So we began researching granite to replace the counters and breakfast bar and bid farewell to the idea of a butcher block/carrara combo. I tried to find granite that mimicked the color and look of carrara so it'd still resemble the look I was going for while at the same time being a smart investment. Here were my top contenders:

Kashmire Ville Granite:

Kashmir White Granite:

Ivory Fantasy Granite:

During my search, I also found a few other countertop surfaces that resembled carrara, but weren't marble or granite. Even though we were looking for granite, I figured these were at least worth saving in my files.

Here is Bianca Quartzite:

And Rain Cloud Corian:

If we were going to spend all this $$$ on granite, I knew that I wanted to find something that we liked loved and would help our inspiration pictures come to life...but I just wasn't getting that feeling with my granite selections.

When I still hadn't found our granite, my husband suggested we drop in at a local granite quarry to see some slabs in person, vs. online. So we went and I am happily surprised to admit that I loved one of the granite selections there....and my husband had picked it out, no less!

With all the hours I spent searching online, I had never come across honed Jet Mist's a beautiful dark gray with subtle white veining. It resembles the look of classic soapstone, yet was granite (making the hubs and future buyers happy, too!) And (picture me happy dancing right now) - it would compliment very nicely with carrara, meaning we could bring back the marble for our breakfast bar!!!! Woo to the hoo!!!!! It had everything going for it in both our books!!!!

So we met with the manager to get an estimate for honed jet mist granite with a standard edge for our countertops and honed carrara marble with a waterfall edge for our breakfast bar. We were quoted just over $6K for all of this. To us, that seemed like a fair price for what we were asking for, but it's still a lot of mulah. Truthfully, what shocked me more was learning that the granite would actually cost us $30 more per SF than my beloved carrara!!??!!

The visit to the quarry happened about a month ago, and we've been pretty happy and secure with planning to save for the granite/marble combo....that is until last night. I came across more pictures of white kitchens with a butcher block/marble combo and I truthfully think this is just as pretty, if not more beautiful, than a kitchen with granite/marble. And we'd save a pretty penny going the butcher block route, which would enable us to take on other home improvement projects that would also increase the value of our home. Plus, we could even just get the butcher block as a short-term fix and replace the butcher block with granite in a few years, right?  So I revived the debate once again to my patient husband, and we talked in-depth about the pros and cons of both choices. Again.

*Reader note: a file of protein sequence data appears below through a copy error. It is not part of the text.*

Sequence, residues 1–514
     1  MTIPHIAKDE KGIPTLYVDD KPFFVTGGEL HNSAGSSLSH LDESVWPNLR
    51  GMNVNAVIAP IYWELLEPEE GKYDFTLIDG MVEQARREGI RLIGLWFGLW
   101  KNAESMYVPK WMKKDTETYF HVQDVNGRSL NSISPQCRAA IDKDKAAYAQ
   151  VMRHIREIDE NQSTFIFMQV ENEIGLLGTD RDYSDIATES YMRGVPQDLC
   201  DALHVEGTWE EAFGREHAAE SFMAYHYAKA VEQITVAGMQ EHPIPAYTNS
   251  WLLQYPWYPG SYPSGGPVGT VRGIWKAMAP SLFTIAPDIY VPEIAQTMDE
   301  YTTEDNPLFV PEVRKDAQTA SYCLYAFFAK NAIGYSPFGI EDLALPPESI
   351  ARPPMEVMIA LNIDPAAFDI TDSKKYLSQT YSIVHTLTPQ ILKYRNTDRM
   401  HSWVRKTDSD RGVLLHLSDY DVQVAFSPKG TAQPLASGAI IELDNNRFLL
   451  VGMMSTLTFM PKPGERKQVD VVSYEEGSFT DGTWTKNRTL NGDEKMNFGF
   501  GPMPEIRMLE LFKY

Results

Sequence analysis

Because this is our starter home, I find that it's especially hard making expensive home improvement choices because it requires a balance between what you want versus what potential buyers might want in a few years. I'm back to square one feeling torn as to what to do. Should we make the decision based on what we think looks best, or should we make the decision based on  resale? I'd love to hear your comments and advice on this one!

Sunday, February 27, 2011

How to Create and Hang any Gallery Display

Art Galleries are nothing new when it comes to decorating, but I always find myself fascinated when I come across a new image of a room containing an art gallery. Art galleries are a great way to add visual interest and color to a room, and can range in size from a small trio up to an entire wall of artwork. Art galleries can also greatly vary by theme, from personal photos to virtually any artwork you like.

dining rooms - breakfast room with bamboo chairs  breakfast room  white faux bamboo chairs and art gallery
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living rooms - living room french striped blue white settee art gallery  the blue and white stripe is just divine!!   white and blue striped
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dens/libraries/offices - photo gallery desk chair  Thanks to Suzanne Kasler!    Love the photo gallery in this office space!